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Property Investment & Trusts

Discussion in 'Estate Planning' started by smudge01, 26th Dec, 2011.

  1. smudge01

    smudge01 New Member

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    26th Dec, 2011
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    Location:
    Brisbane, Qld
    I've been trying to find out why I would use a trust for property investment. So far all I can see is "asset Protection" but there's not much info on what the risk there is either. But my accountant is recommending using one.

    I'm interested in views on why I would need (or why its advisable) to use a trust. So far the only real beneficiary seems to be the accountant ;)

    I have no dependents and have no intent on leaving "an estate" to anyone.

    Any pointers most welcome.
     
  2. Terryw

    Terryw Well-Known Member

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    Location:
    Sydney
    Tax minimisation and flexibility.

    If you have no other family now that the trustee would distribute to then you may in the future. Even if you never have anyone else you would have the option of distributing to a company and capping the tax at 30%.

    The trust gives you the flexibility to change things.
     
  3. Matthew38

    Matthew38 Member

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    17th Feb, 2012
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    Location:
    Melbourne
    The key reasons for using a trust to hold investment assets such as a property are:

    Tax benefits: you be able to reduce your tax bill by distributing income to family members with lower taxable income. As Terry pointed out if you were distributing the income to a company then hat income would be taxed at the company rate which is 30%. However, if your individual tax rate is lower once the investment income is taken into account or you don't have any other family members with a lower taxable income or you don't want to incur the additional cost and complexity of running a establishing and administering a company then there is no advantage from a tax perspective.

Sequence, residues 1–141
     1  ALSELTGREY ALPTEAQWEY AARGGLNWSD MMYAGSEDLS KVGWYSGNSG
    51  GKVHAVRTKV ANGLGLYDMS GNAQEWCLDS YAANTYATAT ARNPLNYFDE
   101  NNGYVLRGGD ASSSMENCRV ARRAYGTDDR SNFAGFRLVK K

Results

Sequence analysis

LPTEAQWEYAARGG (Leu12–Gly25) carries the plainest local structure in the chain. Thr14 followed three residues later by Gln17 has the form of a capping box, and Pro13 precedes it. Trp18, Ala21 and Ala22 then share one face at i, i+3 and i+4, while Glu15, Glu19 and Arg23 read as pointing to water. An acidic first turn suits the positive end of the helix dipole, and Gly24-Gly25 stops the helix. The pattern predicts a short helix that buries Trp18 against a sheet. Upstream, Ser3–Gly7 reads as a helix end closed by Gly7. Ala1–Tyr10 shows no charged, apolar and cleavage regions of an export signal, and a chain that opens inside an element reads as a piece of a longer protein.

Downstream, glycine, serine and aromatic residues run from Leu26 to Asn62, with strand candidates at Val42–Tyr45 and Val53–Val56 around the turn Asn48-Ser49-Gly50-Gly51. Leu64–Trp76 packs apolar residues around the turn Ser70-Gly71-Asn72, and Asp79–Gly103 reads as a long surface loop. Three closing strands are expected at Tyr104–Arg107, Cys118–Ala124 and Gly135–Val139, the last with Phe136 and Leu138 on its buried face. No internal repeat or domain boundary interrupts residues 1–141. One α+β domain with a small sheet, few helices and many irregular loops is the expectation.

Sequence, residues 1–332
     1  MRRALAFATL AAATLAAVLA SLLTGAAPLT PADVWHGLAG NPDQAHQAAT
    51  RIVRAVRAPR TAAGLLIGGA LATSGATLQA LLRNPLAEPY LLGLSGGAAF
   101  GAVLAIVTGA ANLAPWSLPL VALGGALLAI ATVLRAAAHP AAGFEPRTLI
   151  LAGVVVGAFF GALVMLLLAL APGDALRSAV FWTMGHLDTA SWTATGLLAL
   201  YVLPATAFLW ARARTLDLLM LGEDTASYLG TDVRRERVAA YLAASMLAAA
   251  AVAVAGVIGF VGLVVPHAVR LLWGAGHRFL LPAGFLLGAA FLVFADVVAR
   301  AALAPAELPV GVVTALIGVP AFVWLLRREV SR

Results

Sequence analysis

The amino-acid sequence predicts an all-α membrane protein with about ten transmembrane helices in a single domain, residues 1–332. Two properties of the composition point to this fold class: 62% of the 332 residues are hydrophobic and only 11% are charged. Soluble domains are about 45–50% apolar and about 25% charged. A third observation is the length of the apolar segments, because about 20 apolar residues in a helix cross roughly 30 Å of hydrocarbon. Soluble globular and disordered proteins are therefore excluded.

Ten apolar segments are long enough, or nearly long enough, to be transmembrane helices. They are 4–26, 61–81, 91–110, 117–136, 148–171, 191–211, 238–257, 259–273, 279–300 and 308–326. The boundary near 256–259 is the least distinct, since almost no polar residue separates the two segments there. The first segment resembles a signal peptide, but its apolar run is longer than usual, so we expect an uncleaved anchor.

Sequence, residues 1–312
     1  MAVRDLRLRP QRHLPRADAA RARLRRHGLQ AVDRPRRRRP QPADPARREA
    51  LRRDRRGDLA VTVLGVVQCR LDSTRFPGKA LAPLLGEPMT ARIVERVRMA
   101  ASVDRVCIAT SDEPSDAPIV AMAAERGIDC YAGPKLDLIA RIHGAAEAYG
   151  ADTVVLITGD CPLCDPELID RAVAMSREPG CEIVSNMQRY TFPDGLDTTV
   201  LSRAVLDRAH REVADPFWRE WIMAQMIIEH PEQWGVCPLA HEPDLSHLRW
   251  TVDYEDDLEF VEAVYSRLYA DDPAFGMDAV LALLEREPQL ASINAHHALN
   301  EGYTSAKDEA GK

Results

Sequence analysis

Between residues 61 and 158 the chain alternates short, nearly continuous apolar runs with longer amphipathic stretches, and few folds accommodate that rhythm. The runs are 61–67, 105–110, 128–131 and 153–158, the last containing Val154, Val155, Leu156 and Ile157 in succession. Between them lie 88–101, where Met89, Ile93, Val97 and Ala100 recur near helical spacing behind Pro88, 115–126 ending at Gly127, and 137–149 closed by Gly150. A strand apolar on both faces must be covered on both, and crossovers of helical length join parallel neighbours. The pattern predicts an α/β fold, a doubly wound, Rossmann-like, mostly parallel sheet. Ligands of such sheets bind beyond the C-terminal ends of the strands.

Asset protection: trusts allow you to control and receive income from assets without having them in your name. This may protect these assets in the event that you are sued, bankrupted or divorced. If you have no spouse, or dependents or children from other marriages or are engaged in high risk business practices or a high risk business with substantial public liability exposure that may lead to bankruptcy then this reason may not apply.

    Estate planning: some trusts may allow you to effectively pass assets on to future generations without paying excessive taxes or going through estate disputes. As you have stated that you have no intention of leaving an Estate then there is no benefit from this perspective.

    The cons to establishing a trust to hold your property investments are primarily based around cost and complexity. Obviously the cost of establishing the trust can be high, the ongoing administration of the trust generally incurs an annual cost and if in the future you decide to unwind the trust and transfer the assets to another party or yourself, it can be costly and have tax implications.
     
  4. realestate_basket

    realestate_basket Member

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    11th May, 2010
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    Location:
    Sydney, Australia
    Hi Matthew,

    What is the cost of setting up a trust and its running cost per year?

    I did a quick search online and it's around $2500 to set up, is it about right?

    Also, what are the tax implications if we want to transfer assets from a trust to other parties in the future?

    Thanks
     
  5. Terryw

    Terryw Well-Known Member

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    9th Jun, 2006
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    Location:
    Sydney
    Setting up a trust could cost you nothing or it could cost you up to $20, 000 or so. Its not advisable to set one up yourself as there are many traps for the unwary so it would be best to get some advice and get it done properly. The average professional would charge between $1k and $2k depending on the set up. In many states there would be stamp duty as well. In nsw this is $500.